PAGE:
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meerely of Flattery; And if hee be an Ordinary Flatterer, he will have certaine Common Attributes, which may serve every Man; If he be a Cunning Flatterer, he will follow the Arch-fiatterer, which is a Mans selfe ; and wherein a Man thinketh best of himselfe, therein the Flatterer will uphold him most: But if he be an Impudent Flatterer, look wherin a Man is Conscious to himselfe, that he is most Defective, and is most out of Countenance in himselfe, that will the Flatterer Entitle him to, perforce, Spretà Conscientiâ. Some Praises come of good Wishes, and Respects, which is a Forme due in Civilitie to Kings, and Great Persons, Laudando præcipere; When by telling Men, what they are, they represent to them, what they should be. Some Men are Praised Maliciously to their Hurt, therby to stirre Envie and Iealousie towards them; Pessimum genus Inimicorum laudantium; In so much as it was a Proverb, amongst the Grecians; that, He that was praised to his Hurt, should have a Push rise upon his Nose: As we say; That a Blister will rise upon ones Tongue, that tell's a lye. Certainly Moderate Praise, used with Opportunity, and not Vulgar, is that which doth the Good. Salomon saith, He that praiseth his Frend aloud, Rising Early, it shall be to him, no better then a Curse. Too much Magnifying of Man or Matter, doth irritate Contradiction, and pro cure Envie and Scorne. To Praise a Mans selfe, cannot be Decent, except it be in rare Cases: But to Praise a Mans Office or Profession, he may doe it with Good Grace, and with
a Kinde of Magnanimitie. The Cardinals of Rome, which are Theologues, and Friars, and Schoole-men, have a Phrase of Notable Contempt and Scorne, towards Civill Businesse : For they call all Temporall Businesse, of Warres, Embassages, Iudicature, & other Emploiments, Sbirrerie; which is, Under-Sheriffries; As if they were but matters for Under-Sheriffes and Catchpoles; Though many times, those Undersherifferies doe more good, then their High Speculations. S. Paul, when he boasts of himselfe, he doth oft enterlace; I speake like a Foole; But speaking of his Calling, he saith; Magnificabo Apostolatum meum.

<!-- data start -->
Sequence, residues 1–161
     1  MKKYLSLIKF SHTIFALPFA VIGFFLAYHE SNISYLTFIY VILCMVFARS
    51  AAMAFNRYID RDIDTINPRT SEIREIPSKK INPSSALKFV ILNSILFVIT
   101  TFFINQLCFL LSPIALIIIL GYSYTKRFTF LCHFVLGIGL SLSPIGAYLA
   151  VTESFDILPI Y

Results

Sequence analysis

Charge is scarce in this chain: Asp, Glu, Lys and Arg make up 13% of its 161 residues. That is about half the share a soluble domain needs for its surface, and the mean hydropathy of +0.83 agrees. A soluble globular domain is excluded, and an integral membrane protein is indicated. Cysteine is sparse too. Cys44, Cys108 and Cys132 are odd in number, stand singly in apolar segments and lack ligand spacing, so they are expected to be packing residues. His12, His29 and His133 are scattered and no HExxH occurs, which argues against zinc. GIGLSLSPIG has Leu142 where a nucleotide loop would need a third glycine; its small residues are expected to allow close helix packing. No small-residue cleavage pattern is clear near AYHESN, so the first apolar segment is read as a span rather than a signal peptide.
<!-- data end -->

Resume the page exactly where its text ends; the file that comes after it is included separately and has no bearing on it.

(T was pretaly Devised of Esede; Tree Fly I siste per the tr ee of its Churist whecit, ini set best a Dust ice I raise? So are there some time Persus, that whatsoever goeth alore, or novech upon greater Means, if they have never so listie Hand in it, they thinke it is they that carry it. They that are Glorious, mast needs be Fucs: For all Bravery stands upon Comparisons. They must needs be Viclert, to make good their owne Vaunts. Veither can they be Secret, and therefore not Effectuall; but according to the French Proverb; Beaucoup de Bruit, peu de Fruit: Much Bruit, little Fruit. Yet certainly there is C'se of this Qualitie, in Civil Aviaires. Where there is an Opinion, and Fame to be created, either of Vertue, or Greatnesse, these Yen are good Trumpetters. Again, as Titus Litius noteth, in the Case of Antiochus, and the Eto lians; There are sometimes great Effects of Crosse Lies; As if a Man, that Negotiates between Two Princes, to draw them to ioyne in a Warre against the Third, doth extoll the Forces of either of them, above Measure, the One to the Other: And sometimes, he that deales between Man and Man, raiseth his owne Credit, with Both, by pretending greater Interest, then he hath in Either. And in these, and the like Kindes, it often falls out, that Somewhat is produced of Nothing: For Lies are sufficient to breed Opinion, and Opinion brings on Substance. In Militar Commanders and Soldiers, Vaine-Glory is an Essentiall Point; For as Iron sharpens Iron, so by Glory one Courage sharpneth another. In Cases of great Enterprise, upon Charge and Adventure, a Composition of Glorious Natures, doth put Life into Businesse; And those that are of Solide and Sober Natures, have more of the Ballast, then of the Saile. In Fame of Learning, the Flight will be slow, without some Feathers of Ostentation. Qui de contemnendå Gloriâ Libros scribunt, Nomen suuni inscribunt. Socrates, Aristotle, Galen, were Men full of Ostentation. Certainly Vaine-Glory helpeth to Perpetuate a Mans Memory; And Vertue was never so Beholding to Humane Nature, as it received his due at the Second Hand. Neither had the Fame of Cicero, Seneca, Plinius Secundus, borne her Age so well, if it had not been ioyned, with some Vanity in themselves: Like unto Varnish, that makes Seelings not onely Shine, but Last. But all this while, when I speake of Vaine-Glory, I meane not of that Property, that Tacitus doth attribute to Mucianus; Omnium, quæ dixerat, feceratque, Arte quadam Ostentator: For that proceeds not of Vanity, but of Naturall Magnanimity, and discretion: And in some Persons, is not onely Comely, but Gracious. For Excusations, Cessions, Modesty it selfe well Governed, are but Arts of Ostentation. And amongst those Arts, there is none better, then that which Plinius Secundus speaketh of; which is to be Liberall of Praise and Commendation to others, in that, wherein a Mans Selfe hath any Perfection. For saith Pliny very Wittily; In commending Another, you doe your selfe right; For he that you Commend, is either Superiour to you, in that you Commend, or Inferiour. If he be Inferiour, if he be to be Commended, you much more: If he be Superiour, if he be not to be commended, you much lesse. Glorious Men are the Scorne of Wise Men; the Admiration of Fooles; the Idols of Parasites; And the Slaves of their own Vaunts.